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Lateral view of a Male Baetis (Baetidae) (Blue-Winged Olive) Mayfly Dun from Mystery Creek #43 in New York
Blue-winged Olives
Baetis

Tiny Baetis mayflies are perhaps the most commonly encountered and imitated by anglers on all American trout streams due to their great abundance, widespread distribution, and trout-friendly emergence habits.

Dorsal view of a Kogotus (Perlodidae) Stonefly Nymph from Mystery Creek #199 in Washington
This one pretty clearly keys to Kogotus, but it also looks fairly different from specimens I caught in the same creek about a month later in the year. With only one species of the genus known in Washington, I'm not sure about the answer to this ID.
27" brown trout, my largest ever. It was the sub-dominant fish in its pool. After this, I hooked the bigger one, but I couldn't land it.
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PaulRoberts
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Colorado

Posts: 1776
PaulRoberts on Mar 19, 2012March 19th, 2012, 7:20 am EDT
Anyone have a bead on water temperatures associated with the first Baetis emergences?
Taxon
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Site Editor
Plano, TX

Posts: 1311
Taxon on Mar 19, 2012March 19th, 2012, 9:48 am EDT
Paul-

Assuming you are referring to Baetis tricaudatus, on this page, Jason indicates the 1st brood of the year will emerge after the water temperature reaches 40 degrees.
Best regards,
Roger Rohrbeck
www.FlyfishingEntomology.com
PaulRoberts
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Colorado

Posts: 1776
PaulRoberts on Mar 19, 2012March 19th, 2012, 10:11 am EDT
Yes. Thank you, Roger.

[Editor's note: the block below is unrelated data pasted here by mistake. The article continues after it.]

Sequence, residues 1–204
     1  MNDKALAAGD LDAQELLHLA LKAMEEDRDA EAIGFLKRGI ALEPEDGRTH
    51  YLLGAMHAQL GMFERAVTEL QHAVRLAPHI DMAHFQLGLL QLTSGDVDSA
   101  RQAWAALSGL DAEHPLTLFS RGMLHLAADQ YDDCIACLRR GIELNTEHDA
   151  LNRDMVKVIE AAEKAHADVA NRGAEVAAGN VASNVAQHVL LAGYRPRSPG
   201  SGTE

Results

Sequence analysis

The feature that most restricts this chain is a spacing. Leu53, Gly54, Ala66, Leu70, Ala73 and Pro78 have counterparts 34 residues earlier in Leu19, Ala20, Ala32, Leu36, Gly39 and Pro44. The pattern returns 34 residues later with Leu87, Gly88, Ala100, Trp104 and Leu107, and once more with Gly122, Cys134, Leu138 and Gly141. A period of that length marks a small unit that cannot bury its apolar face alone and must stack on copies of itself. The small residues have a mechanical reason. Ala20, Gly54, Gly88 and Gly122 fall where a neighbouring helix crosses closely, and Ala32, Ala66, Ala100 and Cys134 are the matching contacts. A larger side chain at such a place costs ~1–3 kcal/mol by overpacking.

Oldredbarn
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Novi, MI

Posts: 2600
Oldredbarn on Mar 19, 2012March 19th, 2012, 11:48 am EDT
Assuming you are referring to Baetis tricaudatus, on this page, Jason indicates the 1st brood of the year will emerge after the water temperature reaches 40 degrees.


So Roger, what you are saying basically, it's over up here in Michigan then...This freakish year has it in the low 80's today...On March 19th! We fish a small pond here starting on April 1st and normally, at this time, we are wondering if there will still be ice on it! We would all bring our Neo's and long-johns...Not this time...There may actually be swimers out there this year.

Everything could really be turned around this season...

Spence
"Even when my best efforts fail it's a satisfying challenge, and that, after all, is the essence of fly fishing." -Chauncy Lively

"Envy not the man who lives beside the river, but the man the river flows through." Joseph T Heywood
Martinlf
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Palmyra PA

Posts: 3047
Martinlf on Mar 19, 2012March 19th, 2012, 12:15 pm EDT